# Earth examples¶

Let’s define a small helper function:

```def print_me(msg, val):

print("{}: {}".format(msg, val))
```

An important concept are the reference ellipsoids, comprising information about the Earth global model we are going to use.

A very important reference ellipsoid is WGS84, predefined here:

```print_me("WGS84", WGS84)

# WGS84: 6378137.0:0.00335281066475:7.292115e-05

# First field is equatorial radius, second field is the flattening, and the

# third field is the angular rotation velocity, in radians per second
```

Let’s print the semi-minor axis (polar radius):

```print_me("Polar radius, b", WGS84.b())

```

And now, let’s print the eccentricity of Earth’s meridian:

```print_me("Eccentricity, e", WGS84.e())

# Eccentricity, e: 0.0818191908426
```

We create an Earth object with a given reference ellipsoid. By default, it is WGS84, but we can use another:

```e = Earth(IAU76)
```

Print the parameters of reference ellipsoid being used:

```print_me("'e' Earth object parameters", e)

# 'e' Earth object parameters: 6378140.0:0.0033528131779:7.292114992e-05
```

Compute the distance to the center of the Earth from a given point at sea level, and at a certain latitude. It is given as a fraction of equatorial radius:

```lat = Angle(65, 45, 30.0)               # We can use an Angle for this

print_me("Distance to Earth's center, from latitude 65d 45' 30''", e.rho(lat))

# Distance to Earth's center, from latitude 65d 45' 30'': 0.997216343095
```

Parameters rho*sin(lat) and rho*cos(lat) are useful for different astronomical applications:

```height = 650.0

print_me("rho*sin(lat)", e.rho_sinphi(lat, height))

# rho*sin(lat): 0.908341718779

print_me("rho*cos(lat)", e.rho_cosphi(lat, height))

# rho*cos(lat): 0.411775501279
```

Compute the radius of the parallel circle at a given latitude:

```print_me("Radius of parallel circle at latitude 65d 45' 30'' (meters)", e.rp(lat))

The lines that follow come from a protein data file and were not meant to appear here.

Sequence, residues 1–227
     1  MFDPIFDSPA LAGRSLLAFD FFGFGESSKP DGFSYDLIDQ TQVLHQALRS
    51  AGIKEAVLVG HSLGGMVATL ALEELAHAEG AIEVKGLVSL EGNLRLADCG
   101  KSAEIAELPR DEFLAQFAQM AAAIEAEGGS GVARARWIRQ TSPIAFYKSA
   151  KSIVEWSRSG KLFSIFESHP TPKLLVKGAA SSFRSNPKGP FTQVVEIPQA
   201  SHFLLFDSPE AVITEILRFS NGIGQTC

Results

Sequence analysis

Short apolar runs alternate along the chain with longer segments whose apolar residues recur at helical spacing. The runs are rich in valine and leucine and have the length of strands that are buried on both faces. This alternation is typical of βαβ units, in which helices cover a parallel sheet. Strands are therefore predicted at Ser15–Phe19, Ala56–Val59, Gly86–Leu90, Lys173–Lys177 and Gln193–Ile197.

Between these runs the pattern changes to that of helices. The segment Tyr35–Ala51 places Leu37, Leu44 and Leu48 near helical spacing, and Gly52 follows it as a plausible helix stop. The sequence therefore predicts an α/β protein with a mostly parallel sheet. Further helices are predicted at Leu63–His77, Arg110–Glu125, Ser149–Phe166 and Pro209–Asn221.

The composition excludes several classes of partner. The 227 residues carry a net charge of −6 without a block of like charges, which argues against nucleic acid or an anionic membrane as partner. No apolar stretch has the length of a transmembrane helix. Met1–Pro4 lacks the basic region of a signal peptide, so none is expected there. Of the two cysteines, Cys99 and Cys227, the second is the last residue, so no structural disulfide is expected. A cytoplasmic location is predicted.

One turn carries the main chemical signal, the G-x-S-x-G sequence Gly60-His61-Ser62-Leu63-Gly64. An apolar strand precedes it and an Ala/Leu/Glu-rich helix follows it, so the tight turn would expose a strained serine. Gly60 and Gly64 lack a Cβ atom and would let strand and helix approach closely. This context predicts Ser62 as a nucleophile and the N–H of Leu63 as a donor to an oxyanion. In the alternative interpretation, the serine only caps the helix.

# Radius of parallel circle at latitude 65d 45' 30'' (meters): 2626094.91467
```

Compute the radius of curvature of the Earth’s meridian at given latitude:

```print_me("Radius of Earth's meridian at latitude 65d 45' 30'' (meters)", e.rm(lat))

# Radius of Earth's meridian at latitude 65d 45' 30'' (meters): 6388705.74543
```

It is easy to compute the linear velocity at different latitudes:

```print_me("Linear velocity at the Equator (meters/second)", e.linear_velocity(0.0))

# Linear velocity at the Equator (meters/second): 465.101303151

print_me("Linear velocity at latitude 65d 45' 30'' (meters/second)", e.linear_velocity(lat))

# Linear velocity at latitude 65d 45' 30'' (meters/second): 191.497860977
```

And now, let’s compute the distance between two points on the Earth:

• Bangkok: 13d 14’ 09’’ North, 100d 29’ 39’’ East
• Buenos Aires: 34d 36’ 12’’ South, 58d 22’ 54’’ West

Note

We will consider that positions ‘East’ and ‘South’ are negative

Here we will take advantage of facilities provided by `Angle` class:

```lon_ban = Angle(-100, 29, 39.0)

lat_ban = Angle(13, 14, 9.0)

lon_bai = Angle(58, 22, 54.0)

lat_bai = Angle(-34, 36, 12.0)

dist, error = e.distance(lon_ban, lat_ban, lon_bai, lat_bai)

print_me("The distance between Bangkok and Buenos Aires is (km)", round(dist/1000.0, 2))

# The distance between Bangkok and Buenos Aires is (km): 16832.89

print_me("The approximate error of the estimation is (meters)", round(error, 0))

# The approximate error of the estimation is (meters): 189.0
```

Let’s now compute the geometric heliocentric position for a given epoch:

```epoch = Epoch(1992, 10, 13.0)